The first facility of its kind in Norway, this could monitor and operate offshore drilling processes in real time. Advanced technology allowed operators and engineers on land to pursue activities which were previously only possible on the platform.
Initially connected to Ekofisk 2/4 A in order to assist with drilling operations there, it was rapidly extended to cover the rest of the Greater Ekofisk Area.
The ODC contained advanced solutions which were to contribute to safer operations because the company could utilise available expertise on land during drilling.
When a particular problem arose in relation to well, drilling or reservoir work, a specialist no longer had to fly offshore – with half their time taken up by transport and logistics.
Such experts could now join a cross-disciplinary team made up of people both on land and on the platform. Geologists, geophysicists, reservoir and drilling engineers, and other disciplines could be assembled.
Thanks to the fibreoptic cable linking field and office, personnel on the platform and ashore could all view the same images on big screens.[REMOVE]Fotnote: Lysgård, Magnus, Vil en rotasjonsordning med hurtigrotasjon bedre forutsetningene for å lykkes med integrerte operasjoner i oljeindustrien? – En casestudie av ConocoPhillips Onshore Operation Center, MSc thesis, University of Stavanger, 2015. Downloaded from https://docplayer.me/55107889-Det-teknisk-naturvitenskapelige-fakultet-masteroppgave-magnus-lysgard.html.
The new centre cost NOK 30 million to build, and the savings were huge. Calculations showed that it had paid for itself after only seven months in operation.[REMOVE]Fotnote: Rosenberg, Ulf-E, “Ekofisk-området går fra Flintstones til spaceworld”, Stavanger Aftenblad, 28 November 2003.
Other operations centres
Experience with the ODC was so good that ConocoPhillips quickly established around 20 of these facilities, covering such areas as production, optimisation, well monitoring and logistics.
They contributed to secure and efficient collaboration across physical distances and other barriers. One example was the logistics centre, where all work with sea and air transport, spatial organisation offshore and the like was concentrated.
This facility helped to increase utilisation of available resources, reduced transport costs and cut CO2 emissions.[REMOVE]Fotnote: ConocoPhillips, “Samhandling”. Downloaded from http://www.conocophillips.no/nn/vare-norske-operasjoner/integrerte-operasjoner/samhandling/. The result was fewer helicopter flights and less use of offshore beds.
Another example was the onshore operation centre (OOC), which supported the control rooms on the platforms and functioned as a link between them and the discipline teams on land.
Establishing the ODC kicked off the company’s new operating model, based on integrated operations. This described how results were to be achieved by integrating people through collaboration and work processes enabled by technology,
This was a matter of combining activities, linking assignments together and working as a team. To encourage efficiency and sustainable solutions, the model included methods, tools and structures designed to ensure continuous improvement.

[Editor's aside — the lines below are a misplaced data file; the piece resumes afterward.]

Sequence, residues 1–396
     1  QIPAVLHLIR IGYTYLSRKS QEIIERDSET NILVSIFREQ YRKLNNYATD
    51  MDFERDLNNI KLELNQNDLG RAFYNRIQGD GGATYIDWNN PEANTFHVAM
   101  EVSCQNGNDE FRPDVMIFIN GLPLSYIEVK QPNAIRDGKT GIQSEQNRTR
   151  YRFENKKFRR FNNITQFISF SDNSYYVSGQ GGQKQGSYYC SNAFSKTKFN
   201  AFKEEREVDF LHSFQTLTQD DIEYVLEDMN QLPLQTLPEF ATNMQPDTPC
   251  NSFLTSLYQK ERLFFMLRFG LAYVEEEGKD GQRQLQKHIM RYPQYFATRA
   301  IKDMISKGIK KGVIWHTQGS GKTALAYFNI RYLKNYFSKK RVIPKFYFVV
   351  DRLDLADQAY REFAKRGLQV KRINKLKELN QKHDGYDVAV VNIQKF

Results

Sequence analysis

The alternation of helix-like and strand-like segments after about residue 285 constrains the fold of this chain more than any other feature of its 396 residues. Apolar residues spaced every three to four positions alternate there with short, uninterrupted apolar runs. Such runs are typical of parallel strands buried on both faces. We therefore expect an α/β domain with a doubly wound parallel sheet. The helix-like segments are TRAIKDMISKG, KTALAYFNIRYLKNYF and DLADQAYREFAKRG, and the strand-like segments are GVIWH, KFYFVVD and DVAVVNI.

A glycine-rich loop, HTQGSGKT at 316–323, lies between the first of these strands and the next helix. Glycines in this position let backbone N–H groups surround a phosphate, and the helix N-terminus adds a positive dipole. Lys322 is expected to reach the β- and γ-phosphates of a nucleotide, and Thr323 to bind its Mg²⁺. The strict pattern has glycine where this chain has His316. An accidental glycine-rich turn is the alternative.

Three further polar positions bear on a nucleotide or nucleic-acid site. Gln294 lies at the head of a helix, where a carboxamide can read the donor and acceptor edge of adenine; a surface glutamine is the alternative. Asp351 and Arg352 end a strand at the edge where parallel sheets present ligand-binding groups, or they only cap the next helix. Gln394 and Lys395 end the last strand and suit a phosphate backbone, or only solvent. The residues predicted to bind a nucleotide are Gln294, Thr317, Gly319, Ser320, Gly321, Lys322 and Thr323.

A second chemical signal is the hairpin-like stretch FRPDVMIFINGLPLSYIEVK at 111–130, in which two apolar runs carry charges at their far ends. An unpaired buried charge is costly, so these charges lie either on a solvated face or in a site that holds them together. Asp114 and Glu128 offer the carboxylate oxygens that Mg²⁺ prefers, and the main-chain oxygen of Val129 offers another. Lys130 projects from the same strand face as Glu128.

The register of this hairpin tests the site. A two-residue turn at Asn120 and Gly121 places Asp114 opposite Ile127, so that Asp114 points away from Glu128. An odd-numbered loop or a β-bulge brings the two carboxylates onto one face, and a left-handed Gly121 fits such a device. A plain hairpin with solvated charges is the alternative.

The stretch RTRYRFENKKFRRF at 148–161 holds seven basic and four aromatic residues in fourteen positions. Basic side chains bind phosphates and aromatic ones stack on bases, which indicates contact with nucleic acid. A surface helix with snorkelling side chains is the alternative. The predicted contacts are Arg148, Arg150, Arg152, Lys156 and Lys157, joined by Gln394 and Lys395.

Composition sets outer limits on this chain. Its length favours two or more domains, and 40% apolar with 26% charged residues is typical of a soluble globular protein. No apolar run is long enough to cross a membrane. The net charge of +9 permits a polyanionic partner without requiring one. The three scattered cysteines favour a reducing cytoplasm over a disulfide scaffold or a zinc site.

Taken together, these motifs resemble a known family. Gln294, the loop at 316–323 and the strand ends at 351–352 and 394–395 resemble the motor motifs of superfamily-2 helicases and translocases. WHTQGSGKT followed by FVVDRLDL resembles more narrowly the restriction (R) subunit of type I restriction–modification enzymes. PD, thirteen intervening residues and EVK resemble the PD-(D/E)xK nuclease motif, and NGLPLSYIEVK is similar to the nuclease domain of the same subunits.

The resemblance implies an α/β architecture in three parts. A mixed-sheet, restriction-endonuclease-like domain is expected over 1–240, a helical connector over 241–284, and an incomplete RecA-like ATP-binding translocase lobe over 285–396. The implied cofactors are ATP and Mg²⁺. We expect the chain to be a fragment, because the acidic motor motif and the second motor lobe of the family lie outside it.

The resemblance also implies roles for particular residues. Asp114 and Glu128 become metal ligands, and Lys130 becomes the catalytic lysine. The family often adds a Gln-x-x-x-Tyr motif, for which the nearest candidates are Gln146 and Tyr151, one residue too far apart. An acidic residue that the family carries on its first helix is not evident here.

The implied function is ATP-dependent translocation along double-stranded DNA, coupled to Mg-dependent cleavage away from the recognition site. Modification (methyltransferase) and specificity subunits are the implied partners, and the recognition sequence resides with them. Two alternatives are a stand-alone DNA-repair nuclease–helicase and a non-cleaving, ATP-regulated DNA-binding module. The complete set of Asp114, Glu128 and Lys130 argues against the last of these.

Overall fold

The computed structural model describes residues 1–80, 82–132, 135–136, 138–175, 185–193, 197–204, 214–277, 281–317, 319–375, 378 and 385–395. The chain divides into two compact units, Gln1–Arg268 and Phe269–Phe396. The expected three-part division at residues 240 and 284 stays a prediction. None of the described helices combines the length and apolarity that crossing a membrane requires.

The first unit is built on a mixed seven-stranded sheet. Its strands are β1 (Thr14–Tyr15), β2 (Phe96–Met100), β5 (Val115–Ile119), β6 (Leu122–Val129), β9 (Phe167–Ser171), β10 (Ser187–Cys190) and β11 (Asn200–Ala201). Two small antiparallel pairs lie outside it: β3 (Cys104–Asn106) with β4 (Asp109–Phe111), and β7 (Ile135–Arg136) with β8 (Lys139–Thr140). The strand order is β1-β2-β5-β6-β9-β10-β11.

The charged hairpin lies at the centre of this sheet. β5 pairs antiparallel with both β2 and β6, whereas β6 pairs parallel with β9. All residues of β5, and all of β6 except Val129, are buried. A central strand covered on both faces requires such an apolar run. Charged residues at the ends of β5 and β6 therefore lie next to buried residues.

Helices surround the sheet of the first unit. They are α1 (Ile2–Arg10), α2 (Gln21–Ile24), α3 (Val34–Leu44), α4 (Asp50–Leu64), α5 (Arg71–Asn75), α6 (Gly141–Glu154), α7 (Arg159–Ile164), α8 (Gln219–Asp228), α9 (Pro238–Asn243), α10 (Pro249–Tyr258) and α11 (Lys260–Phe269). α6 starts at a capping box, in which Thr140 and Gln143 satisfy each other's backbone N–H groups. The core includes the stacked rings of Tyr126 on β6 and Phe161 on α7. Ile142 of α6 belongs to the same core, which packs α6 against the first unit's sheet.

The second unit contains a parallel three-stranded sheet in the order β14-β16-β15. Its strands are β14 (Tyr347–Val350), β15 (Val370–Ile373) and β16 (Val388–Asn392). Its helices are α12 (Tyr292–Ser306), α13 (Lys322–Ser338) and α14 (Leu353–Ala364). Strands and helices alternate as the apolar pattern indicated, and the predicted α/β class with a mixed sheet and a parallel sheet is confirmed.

The goal of integrated operations – also known as e-operations or smart operations – is to make decisions safer, better and faster.
The Norwegian authorities quickly saw the value of the new ConocoPhillips drilling centre and operating model. White Paper no 38 from 2004 commented as follows on the company’s innovation:
A specific example of utilising e-operation is the drilling centre established by ConocoPhillips in Tanager … [The company] estimates that it has saved about NOK 60 million in less than a year through its drilling centre. These savings are primarily achieved by more effective decisions and the transfer of certain functions to land. In addition to cheaper wells, improved well paths and fewer dry wells are achieved.[REMOVE]Fotnote: Minister of Petroleum and Energy, Om petroleumsvirksomheten, Report no 38 (2003-2004) to the Storting. Downloaded from https://www.regjeringen.no/no/dokumenter/Stmeld-nr-38-2003-2004-/id404848/sec3?q=e-drift#match_20.
The government was concerned at the time over the high level of costs in the Norwegian petroleum sector. It viewed the Tananger facility as a possible way to cut these, while also increasing production, extending the producing life of fields and thereby maintaining jobs.
Figures from the Norwegian Oil Industry Association (OLF) referenced in the White Paper assessed the potential offered by integrated operations.
This included an eight to 10 per cent rise in production, a four-five per cent improvement in recovery factors and a reduction as large as 30 per cent in operating costs.
The government wanted to see the new technology demonstrated by ConocoPhillips adopted elsewhere in the petroleum industry. Its White Paper aimed help realise the opportunities for greater value creation provided by integrated operations.
Most operator companies eventually implemented this approach as a strategic tool for achieving safe, reliable and efficient operations.
Each company had its own definition of what constituted such operations. But the common denominators were an emphasis on closer collaboration between land and offshore organisations, and amending work processes with the aid of technology.Earthquake hits EkofiskNew IOR research centre